Politics aside, join me in flying our American flags proudly to honor our veterans. We our blessed to live in America, land of the free and home of the brave.
I found this useful article in an email I got from Home Depot today:
“In honor of Veterans Day on Monday, Nov. 12, many Americans will proudly unfold our country’s flag and let it fly.
It’s considered a living thing and should be treated with respect. In case you were wondering how to properly display your patriotism, we’ve listed tips provided by the U.S. Department of Veterans Affairs and the Senate.
*Should be flown from sunrise to sunset, unless it’s illuminated during dark.
*Should not be subject to inclement weather — rain, snow and windstorms — unless it’s an all-weather flag.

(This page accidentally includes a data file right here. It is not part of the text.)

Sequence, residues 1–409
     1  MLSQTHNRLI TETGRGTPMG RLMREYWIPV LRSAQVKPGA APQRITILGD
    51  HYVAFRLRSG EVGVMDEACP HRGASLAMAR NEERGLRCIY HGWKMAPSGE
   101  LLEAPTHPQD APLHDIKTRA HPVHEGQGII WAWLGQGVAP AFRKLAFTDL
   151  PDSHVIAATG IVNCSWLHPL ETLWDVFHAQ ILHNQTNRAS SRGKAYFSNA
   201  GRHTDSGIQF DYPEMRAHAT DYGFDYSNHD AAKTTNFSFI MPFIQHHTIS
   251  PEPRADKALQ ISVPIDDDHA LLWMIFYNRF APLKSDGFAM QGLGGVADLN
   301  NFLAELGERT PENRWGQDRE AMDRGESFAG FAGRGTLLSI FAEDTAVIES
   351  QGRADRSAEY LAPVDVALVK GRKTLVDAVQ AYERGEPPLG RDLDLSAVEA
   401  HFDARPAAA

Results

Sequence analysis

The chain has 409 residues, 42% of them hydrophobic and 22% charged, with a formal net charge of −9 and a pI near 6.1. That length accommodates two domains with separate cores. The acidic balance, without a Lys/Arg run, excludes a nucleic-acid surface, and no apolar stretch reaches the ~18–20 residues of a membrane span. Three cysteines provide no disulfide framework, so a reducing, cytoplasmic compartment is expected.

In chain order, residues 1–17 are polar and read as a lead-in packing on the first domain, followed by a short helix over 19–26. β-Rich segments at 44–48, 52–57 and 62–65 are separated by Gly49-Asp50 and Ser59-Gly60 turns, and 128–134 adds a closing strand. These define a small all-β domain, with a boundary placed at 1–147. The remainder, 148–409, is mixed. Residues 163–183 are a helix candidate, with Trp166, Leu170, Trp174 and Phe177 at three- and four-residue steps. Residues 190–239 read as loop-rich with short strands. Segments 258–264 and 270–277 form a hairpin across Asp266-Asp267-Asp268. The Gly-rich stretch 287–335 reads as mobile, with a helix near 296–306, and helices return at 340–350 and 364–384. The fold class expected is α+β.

*Should be hoisted briskly and lowered ceremoniously.
*When carried in procession with other flags, it should be either on the flag’s right or to the front and center of the flag line.
*Should not be draped over a vehicle in a parade.
*In a group of flags displayed from staffs, it should always be at the center and at the highest point.
*When displayed from a staff projecting from a building, the union should be at the peak.
*When flags of states, cities or organizations are flown on the same staff, it must be at the top.
*When displayed against a wall, the union should be uppermost and to the observer’s left.
*Should never be used as a covering for a statue or a monument.
*Should never be displayed with the union down.
*Should never touch anything beneath it, such as the ground, floor or water.
*Should never be used as apparel, bedding or drapery.
*When it is no longer a fitting emblem for display (worn or soiled), it should be destroyed, preferably by burning.”
(Ask your local scout troop or American Legion organization to help you to dispose of an old flag properly).